4. Drinking – Watching the Lions lose on Thanksgiving day as well as a handful of Christmas parties on the calendar, it’s pretty obvious that you’ll drinking a bit more than usual. If you’re trying to watch the calories, grab a lighter beer, a glass of red wine, or a clear liquor like vodka or gin.
  5. Buddy Up – A great way to find some accountability in these situations is to tell someone ahead of time what your plan is. Tell your spouse, a family member, or friend that you are trying to watch how much you’ll be eating. There is a chance you’ll start caving in the temptation of extra food or sweets and it’s nice to have someone there to lovingly slap your hand away.

Wellness on a Budget

Toni Sperlbaum, CWWPM, CHWC, Wellness Account Manager

When I was acquiring my certification as a Certified Worksite Wellness Program Manager at the National Wellness Conference in Minneapolis, MN, our two-day intensive class consisted of professionals like myself sharing their experiences and struggles in wellness.  One topic of discussion that was clearly a concern for HR and wellness professionals was the lack of a budget.  Conversations were that “my wellness program isn’t successful because we don’t have the money to do things”.  Bravely, a wellness coordinator from Saudi Arabia raised her hand, stood up and said, “Our company is massive.  The amount of figures in my wellness budget would sicken you, it’s so much.  We have all the money you could want and our program. isn’t. working.”  She opened everyone’s eyes to show that it’s not a hefty budget that makes a wellness program successful.  It’s the cohesion of your programs.  It’s the creativity of your people and your vendor.  It’s your leadership team’s public support in your efforts (NOT through finances, but by example).  It’s these things that give your wellness program a personality and your workplace a culture.

Since 2001, Health Plan Advocate has been providing corporate wellness programs.  Although we provide services that require a budget, we also work as consultants in sharing our ideas and experiences with the hopes that your wellness program will be the most successful it can be.  Here are 5 of our budget-friendly wellness ideas:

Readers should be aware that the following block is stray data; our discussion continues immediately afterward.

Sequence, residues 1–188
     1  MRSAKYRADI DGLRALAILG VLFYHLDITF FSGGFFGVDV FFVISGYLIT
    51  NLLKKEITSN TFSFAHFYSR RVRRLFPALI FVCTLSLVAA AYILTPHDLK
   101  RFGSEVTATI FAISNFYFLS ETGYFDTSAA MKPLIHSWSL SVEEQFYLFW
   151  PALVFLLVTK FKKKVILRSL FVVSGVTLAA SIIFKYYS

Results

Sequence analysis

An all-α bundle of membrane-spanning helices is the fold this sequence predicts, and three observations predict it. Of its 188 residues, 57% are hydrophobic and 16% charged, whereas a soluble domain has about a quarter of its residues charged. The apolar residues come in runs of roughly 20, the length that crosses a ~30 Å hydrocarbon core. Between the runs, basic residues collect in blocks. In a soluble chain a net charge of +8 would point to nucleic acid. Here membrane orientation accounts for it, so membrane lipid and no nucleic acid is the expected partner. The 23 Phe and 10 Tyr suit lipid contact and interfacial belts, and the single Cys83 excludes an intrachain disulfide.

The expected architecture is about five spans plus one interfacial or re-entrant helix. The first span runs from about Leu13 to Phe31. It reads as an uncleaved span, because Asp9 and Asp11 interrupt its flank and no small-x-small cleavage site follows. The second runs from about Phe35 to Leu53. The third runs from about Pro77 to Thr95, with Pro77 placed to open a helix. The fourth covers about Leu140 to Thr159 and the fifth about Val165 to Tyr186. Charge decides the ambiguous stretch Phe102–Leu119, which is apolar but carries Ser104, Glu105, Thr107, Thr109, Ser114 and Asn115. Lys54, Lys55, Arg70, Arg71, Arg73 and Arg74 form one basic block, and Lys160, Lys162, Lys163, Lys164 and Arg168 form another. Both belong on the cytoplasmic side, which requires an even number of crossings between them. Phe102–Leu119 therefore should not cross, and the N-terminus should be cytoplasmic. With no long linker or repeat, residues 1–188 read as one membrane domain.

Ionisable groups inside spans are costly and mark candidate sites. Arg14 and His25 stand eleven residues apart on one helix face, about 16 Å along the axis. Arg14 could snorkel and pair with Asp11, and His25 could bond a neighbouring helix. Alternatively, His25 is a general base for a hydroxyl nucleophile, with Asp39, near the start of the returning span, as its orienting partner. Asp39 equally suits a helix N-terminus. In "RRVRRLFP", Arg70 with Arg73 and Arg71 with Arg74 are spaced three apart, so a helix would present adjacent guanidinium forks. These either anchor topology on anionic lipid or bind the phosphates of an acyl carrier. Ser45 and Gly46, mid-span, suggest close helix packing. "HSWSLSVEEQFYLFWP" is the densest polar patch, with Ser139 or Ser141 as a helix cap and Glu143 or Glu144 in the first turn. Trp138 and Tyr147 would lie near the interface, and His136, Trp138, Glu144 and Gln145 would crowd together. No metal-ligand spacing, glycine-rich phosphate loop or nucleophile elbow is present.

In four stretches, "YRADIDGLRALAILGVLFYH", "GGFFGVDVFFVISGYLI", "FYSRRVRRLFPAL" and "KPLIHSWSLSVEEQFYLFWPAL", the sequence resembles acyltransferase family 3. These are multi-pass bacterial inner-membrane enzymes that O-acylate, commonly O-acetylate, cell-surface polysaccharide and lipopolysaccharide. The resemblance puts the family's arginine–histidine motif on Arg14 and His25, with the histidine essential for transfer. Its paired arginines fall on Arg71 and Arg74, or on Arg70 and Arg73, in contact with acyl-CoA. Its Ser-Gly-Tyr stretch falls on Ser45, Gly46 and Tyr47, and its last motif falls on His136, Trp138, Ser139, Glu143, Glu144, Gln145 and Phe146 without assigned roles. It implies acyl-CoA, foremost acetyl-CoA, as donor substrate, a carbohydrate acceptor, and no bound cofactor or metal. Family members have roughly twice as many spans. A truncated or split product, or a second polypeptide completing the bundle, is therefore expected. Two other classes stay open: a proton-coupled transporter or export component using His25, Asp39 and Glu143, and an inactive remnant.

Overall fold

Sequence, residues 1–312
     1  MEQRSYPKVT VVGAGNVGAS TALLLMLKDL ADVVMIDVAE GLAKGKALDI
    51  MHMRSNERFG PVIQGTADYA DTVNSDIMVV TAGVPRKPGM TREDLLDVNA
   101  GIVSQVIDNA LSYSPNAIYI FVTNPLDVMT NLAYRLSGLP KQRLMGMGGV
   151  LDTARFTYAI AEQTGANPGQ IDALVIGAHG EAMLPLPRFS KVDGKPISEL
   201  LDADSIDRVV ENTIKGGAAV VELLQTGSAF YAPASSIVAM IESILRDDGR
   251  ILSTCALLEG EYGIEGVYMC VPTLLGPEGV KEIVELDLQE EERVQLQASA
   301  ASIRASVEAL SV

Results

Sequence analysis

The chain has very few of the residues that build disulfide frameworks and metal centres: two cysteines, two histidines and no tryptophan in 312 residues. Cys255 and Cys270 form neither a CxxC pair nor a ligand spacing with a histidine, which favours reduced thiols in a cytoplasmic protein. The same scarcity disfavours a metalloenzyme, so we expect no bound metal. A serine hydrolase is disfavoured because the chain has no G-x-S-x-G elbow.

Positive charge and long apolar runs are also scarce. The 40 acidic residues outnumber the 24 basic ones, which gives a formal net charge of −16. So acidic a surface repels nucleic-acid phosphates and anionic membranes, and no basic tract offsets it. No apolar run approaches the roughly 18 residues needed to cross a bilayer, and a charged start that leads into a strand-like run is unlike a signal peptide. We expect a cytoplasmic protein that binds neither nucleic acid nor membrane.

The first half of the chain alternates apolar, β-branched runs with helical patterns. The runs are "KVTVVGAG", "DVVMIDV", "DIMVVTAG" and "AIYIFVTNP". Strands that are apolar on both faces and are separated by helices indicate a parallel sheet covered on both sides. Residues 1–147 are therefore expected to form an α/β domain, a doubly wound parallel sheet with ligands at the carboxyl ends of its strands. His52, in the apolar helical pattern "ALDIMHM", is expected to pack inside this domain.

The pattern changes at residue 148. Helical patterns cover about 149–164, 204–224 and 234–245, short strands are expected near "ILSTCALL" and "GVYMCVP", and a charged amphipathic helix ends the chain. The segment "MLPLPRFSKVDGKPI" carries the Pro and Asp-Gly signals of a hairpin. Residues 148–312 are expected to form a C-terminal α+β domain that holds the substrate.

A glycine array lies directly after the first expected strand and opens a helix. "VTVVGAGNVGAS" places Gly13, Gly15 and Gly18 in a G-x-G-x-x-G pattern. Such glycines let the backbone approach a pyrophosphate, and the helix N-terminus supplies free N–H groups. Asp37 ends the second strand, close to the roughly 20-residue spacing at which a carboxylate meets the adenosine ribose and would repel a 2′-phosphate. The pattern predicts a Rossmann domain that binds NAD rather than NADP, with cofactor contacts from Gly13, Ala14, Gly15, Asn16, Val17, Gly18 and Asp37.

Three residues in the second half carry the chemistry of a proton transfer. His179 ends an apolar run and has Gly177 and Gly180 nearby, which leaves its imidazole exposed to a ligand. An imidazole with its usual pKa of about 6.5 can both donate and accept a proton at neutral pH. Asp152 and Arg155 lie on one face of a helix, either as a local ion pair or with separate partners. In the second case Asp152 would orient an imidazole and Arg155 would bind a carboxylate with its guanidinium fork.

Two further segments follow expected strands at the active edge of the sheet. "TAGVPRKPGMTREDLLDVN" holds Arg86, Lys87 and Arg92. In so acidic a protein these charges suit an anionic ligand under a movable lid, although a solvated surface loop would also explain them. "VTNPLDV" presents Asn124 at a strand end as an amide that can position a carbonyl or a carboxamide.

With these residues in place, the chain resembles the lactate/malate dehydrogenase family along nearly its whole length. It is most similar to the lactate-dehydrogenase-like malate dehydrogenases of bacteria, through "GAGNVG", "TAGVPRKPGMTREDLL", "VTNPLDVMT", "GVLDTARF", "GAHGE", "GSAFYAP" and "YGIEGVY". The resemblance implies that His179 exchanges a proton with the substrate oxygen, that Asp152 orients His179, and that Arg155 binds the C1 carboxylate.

1.  Wellness Committees.  If you don’t have a wellness committee, you should.  Sure you may have to pay these employees for their time on your committee during the work shift, but these are the people who are out in the workplace who know what will work and what won’t.  They will also be your CREATIVE TEAM!  As a client of HPA’s, we can run these committees for you, we can sit on them consistently to offer our experiences, or we can do a one time visit – whichever you prefer!
  2. Health Fair.  This is one of my favorites.  All you have to do is pick the date and time.  Your benefit vendors, local health food stores, hospitals, gyms, and more show up and do all the work for you!  It’s about introducing local resources to your employees to support them in your journey.  Vendors will typically provide decent door prizes, too.
  3. Parking Tickets.  During the warmer months, take a trip once a week (or as frequently as you’d like) into your parking lot.  On the cars parked the farthest away, leave them a “parking ticket”.  On that ticket, it will tell the employee that they have parked HEALTHILY and once they collect 3 tickets, they can turn them in to you to claim their prize.  This can be something tangible and low budget like a water bottle, t-shirt (it’s amazing what people will do for trinkets!), or something non tangible like a free jean day, or 4 hours of PTO, whatever you’d like!
  4. Healthy Selfies.  We have to give credit to one of the agencies we work with for coming up with this one.  They had their employees submit “Healthy Selfies” – photos of themselves doing something healthy.  After collecting photos, they sent them out to their staff to vote on their favorites.  Not only did they have fun with it (and was it completely FREE), but it allowed employees to see all the other fantastic healthy things their peers were doing, were able to share about this great fitness class they were a part of, share their favorite walking route, and more!